Kind of dark, but you can see we're also doing a bit of dog-fu here ...
Wednesday, September 8, 2010
I liken my martial arts training (and most everything else I'm learning) to a spiral, a shifting helix, like a stretched-out coil spring that ascends around a core. Each time it cycles, it is at a slightly different angle to the subject. Sometimes almost at the same level, sometimes maybe a bit below; what I hope for is that it is slightly higher than when I passed the same spot before.
Still looking at the same vista, but from a little different viewpoint, you can see things that maybe you didn't see last time. And if you are paying attention, you can add to your knowledge.
So after a long time playing with knives, we are back to basics again -- doing combinations, which everybody knows don't work in the real world, but which we do to learn the ways in and out of them. You may never get to throw that killer nine-strike combo, but you might find yourself in a position wherein one piece or another would be perfect, and you might have it -- if you've played with it a time or twelve.
It's not about going through the whole sequence, as it is figuring out once you do this or that, then what can reasonably happen from there? What if he blocks the first shot? Or the second?
Every attack has a counter, as does every defense. You won't have time to dick around with too many of these, but you might really need more than one.
Where are your balance and focus? How can you get offline, past his attack, to his side, or behind him? (We spend a lot time doing that in platform-based training. You can meet the attack head-on, you can retreat; you can slip the attack by moving offline, and change the relative positions. You can alter the timing -- meet, advance it, retard it.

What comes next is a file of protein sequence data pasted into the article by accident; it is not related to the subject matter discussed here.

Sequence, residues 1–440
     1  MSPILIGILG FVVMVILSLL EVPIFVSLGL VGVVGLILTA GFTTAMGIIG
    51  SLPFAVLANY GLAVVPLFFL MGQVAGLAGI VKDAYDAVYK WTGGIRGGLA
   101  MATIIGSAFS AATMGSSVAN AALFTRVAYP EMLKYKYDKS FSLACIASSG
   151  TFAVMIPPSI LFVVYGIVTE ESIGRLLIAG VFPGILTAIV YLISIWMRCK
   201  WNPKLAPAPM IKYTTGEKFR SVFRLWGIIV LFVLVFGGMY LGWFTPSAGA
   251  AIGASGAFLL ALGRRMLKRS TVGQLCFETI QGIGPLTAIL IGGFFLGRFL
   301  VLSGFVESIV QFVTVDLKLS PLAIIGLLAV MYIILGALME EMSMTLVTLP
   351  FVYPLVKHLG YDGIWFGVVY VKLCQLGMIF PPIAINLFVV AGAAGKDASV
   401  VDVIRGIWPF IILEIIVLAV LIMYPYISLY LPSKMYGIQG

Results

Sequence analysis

How you do these requires practice. What tool you use requires experience using it.
Djuru Eleven works if you are behind the attacker; that level change won't do if he's right in front of you. How you get there from here is good to know.
You learn things of limited use for that one time when it comes up. Traps and locks against a full-power attack are iffy for anybody less than really expert -- like those accupressure spots that knock somebody cold with just a touch. Hit it dead on, you are golden, but in the heat of fury, pinpoint accuracy, or reaching for a figure-four lock is apt to get you smacked real good.
If you soften somebody up, rack 'em in the nose with a good shot, then maybe that suddenly-floppy arm or acupressure point will open wide, so it's good to have the tool. Just maybe not so smart trying to use a tack hammer when what you need is a nine-pound sledge.
Um. Anyway, we have some newbies and relative newbies, plus us old guys could use another pass around the core, so we have been mining the first and second djurus again, and there are some real diamonds to be found. Fascinating how I come across the odd epiphany now and then, one of those head-smackers where you go, "Oh! Yeah! That's what that means!"
I confess that doesn't happen as often as it used to happen. At this level, it's getting to be about precision and, I hope, instinctive mastery of this or that. I feel that I have plenty to use if I need it.
Point is, it never hurts to go over the basics. Chances are, if you ever have to use your training, it's the basics that will save your ass. That's why you learn them first ...